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Punched Card Programming

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If you’ve dabbled in programming, you’ll know that confusing things come up. Perhaps the compiler didn’t like the code you wrote, or a bug appeared in your program and you have no idea where it came from. It’s annoying, but not nearly as complicated as it used to be.

Let’s turn the clock back, say, 50 years, to the 1970s. If you wanted to program something, there was no keyboard or app. Instead, you had to use punched cards. Approximately the size of a dollar bill, these punched cards had to be fed into the computer, which would read them and write the results to an internal file. To add more data, just feed in more cards.

A punched card had repeating columns of the same string of numbers across its width. The idea was that, if you wanted the computer to read a specific character, you punched a hole in that character and the computer would read it. If you wanted something other than a number, like a letter (which is pretty important for programming), the computer would read two holes at the same time.

For example, you could set it so if the card was punched on slots 1 and 2 in the same column, that ‘translates’ to the letter ‘A’.

Bunches of Punches

Punch cards were created with a typewriter-like device. The user would slip a card into the card puncher and type out their code on its keyboard. The device would then punch holes in the cards related to what was typed. Some fancy models even printed the character at the top of the card, so you could see what each card did.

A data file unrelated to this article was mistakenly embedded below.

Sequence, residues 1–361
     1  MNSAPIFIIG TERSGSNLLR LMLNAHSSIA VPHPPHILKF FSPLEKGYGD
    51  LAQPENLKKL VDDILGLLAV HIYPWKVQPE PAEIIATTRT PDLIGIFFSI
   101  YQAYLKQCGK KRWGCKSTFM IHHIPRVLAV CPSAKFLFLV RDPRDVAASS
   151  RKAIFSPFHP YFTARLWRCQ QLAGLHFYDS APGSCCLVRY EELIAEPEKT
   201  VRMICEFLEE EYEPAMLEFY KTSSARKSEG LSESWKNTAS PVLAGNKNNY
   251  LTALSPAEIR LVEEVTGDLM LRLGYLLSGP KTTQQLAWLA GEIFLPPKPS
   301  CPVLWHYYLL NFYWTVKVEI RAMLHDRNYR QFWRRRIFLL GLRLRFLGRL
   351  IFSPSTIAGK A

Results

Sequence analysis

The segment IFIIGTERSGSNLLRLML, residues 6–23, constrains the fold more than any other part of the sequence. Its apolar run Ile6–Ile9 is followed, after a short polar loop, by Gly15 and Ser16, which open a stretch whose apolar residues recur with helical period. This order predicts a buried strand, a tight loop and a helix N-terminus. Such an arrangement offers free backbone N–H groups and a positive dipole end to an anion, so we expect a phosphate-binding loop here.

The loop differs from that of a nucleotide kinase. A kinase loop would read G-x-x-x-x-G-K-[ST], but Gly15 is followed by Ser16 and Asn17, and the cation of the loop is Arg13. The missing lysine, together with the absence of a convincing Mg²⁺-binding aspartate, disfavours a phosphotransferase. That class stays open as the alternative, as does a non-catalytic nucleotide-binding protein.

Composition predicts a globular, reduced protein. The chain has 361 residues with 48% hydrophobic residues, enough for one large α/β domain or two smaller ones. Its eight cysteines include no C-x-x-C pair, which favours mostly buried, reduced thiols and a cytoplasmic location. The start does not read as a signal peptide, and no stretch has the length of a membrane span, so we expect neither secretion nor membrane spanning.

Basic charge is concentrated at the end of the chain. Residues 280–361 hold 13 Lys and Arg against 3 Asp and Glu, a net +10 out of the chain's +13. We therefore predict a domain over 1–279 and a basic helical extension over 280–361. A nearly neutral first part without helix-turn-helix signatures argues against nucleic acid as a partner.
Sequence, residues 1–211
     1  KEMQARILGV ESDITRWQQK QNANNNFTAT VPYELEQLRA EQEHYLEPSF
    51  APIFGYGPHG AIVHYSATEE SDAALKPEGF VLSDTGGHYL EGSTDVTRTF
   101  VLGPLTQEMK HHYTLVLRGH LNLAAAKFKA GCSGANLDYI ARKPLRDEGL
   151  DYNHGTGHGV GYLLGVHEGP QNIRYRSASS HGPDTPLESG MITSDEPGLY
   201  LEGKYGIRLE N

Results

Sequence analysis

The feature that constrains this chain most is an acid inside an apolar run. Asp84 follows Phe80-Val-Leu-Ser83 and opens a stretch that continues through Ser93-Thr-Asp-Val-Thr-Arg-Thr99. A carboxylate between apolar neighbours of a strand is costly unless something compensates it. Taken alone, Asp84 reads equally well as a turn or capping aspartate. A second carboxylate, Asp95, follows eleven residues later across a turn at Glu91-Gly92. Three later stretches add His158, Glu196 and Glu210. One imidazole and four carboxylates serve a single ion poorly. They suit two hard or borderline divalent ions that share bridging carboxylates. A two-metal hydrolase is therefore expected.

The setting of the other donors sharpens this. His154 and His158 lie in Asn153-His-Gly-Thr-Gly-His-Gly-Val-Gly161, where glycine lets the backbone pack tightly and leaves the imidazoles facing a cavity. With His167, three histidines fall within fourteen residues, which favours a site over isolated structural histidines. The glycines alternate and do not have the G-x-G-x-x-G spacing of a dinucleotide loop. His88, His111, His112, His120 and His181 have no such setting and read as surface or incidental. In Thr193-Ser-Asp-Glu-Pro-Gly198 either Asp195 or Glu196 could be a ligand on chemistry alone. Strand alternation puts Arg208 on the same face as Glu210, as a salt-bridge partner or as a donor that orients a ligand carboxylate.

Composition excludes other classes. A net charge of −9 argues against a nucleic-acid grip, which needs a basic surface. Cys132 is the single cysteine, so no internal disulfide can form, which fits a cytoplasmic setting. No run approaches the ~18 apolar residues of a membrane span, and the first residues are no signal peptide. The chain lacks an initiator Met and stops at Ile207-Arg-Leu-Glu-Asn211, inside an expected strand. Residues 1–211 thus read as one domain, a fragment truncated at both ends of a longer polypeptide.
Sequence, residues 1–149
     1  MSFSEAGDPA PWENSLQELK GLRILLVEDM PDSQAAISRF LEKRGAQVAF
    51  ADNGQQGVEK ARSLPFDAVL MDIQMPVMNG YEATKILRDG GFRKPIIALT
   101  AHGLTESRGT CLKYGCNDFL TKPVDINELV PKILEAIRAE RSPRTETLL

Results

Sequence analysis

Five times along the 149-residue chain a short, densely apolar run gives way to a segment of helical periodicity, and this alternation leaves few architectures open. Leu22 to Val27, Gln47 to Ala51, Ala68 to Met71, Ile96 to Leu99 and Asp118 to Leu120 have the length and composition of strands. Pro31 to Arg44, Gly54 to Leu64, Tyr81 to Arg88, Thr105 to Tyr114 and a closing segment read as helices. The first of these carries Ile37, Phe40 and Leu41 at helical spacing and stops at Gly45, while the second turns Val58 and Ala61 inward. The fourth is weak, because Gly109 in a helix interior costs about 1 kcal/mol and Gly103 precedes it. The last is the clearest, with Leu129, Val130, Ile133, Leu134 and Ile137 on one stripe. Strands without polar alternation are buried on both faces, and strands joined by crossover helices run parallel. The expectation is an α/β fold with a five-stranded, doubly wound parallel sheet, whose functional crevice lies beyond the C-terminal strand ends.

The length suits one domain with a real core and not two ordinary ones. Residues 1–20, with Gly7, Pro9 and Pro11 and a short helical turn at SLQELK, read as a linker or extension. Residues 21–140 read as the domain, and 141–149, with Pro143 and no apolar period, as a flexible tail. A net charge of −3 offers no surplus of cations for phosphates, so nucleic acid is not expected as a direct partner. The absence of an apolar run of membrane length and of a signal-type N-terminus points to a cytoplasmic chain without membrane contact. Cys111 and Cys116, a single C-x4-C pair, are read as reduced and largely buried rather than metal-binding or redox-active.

Here’s where things get hairy. Each card could hold only enough information for a short line of code. If you wanted to make a new line of code, you needed a new card. So, programs were not stored on just a handful of cards, but in giant decks that you had to feed into a computer one by one.

Can you imagine what those programs looked like? Just a thick stack of cards, in code line order, and swapping any of the cards could mean the program wouldn’t run. Think of the hours spent on reassembling the program after someone dropped all their cards on the floor. You’d have to know your program pretty well to assemble the cards in the right order again.

Missed Key Misery

As you might imagine, this system had its fair share of flaws. For one, the system wasn’t very forgiving when it came to typos. Once a column had been punched in, that’s that; no amount of backspacing or white-out could remove it. Hopefully, you would catch this problem during the card’s creation, otherwise, you’d have to go through each card, one by one, to spot the typo after the program failed to run.

Given how all your code is on physical cards, it’s a good idea to keep backups of them. Of course, that means making even more cards identical to the ones you just made, so that means typing out hundreds of new cards and not making any mistakes on those ones, either.

All in all, coding in the 1970s was a tricky business. It’s surprising people even had the patience to make programs back then. So the next time your program fails because you typed one equals sign instead of two, just breathe a sigh of relief that you don’t have to go through a deck of 100 cards just to find it.

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Punch Cards and Data Processing


Programming in the Punch Card Era


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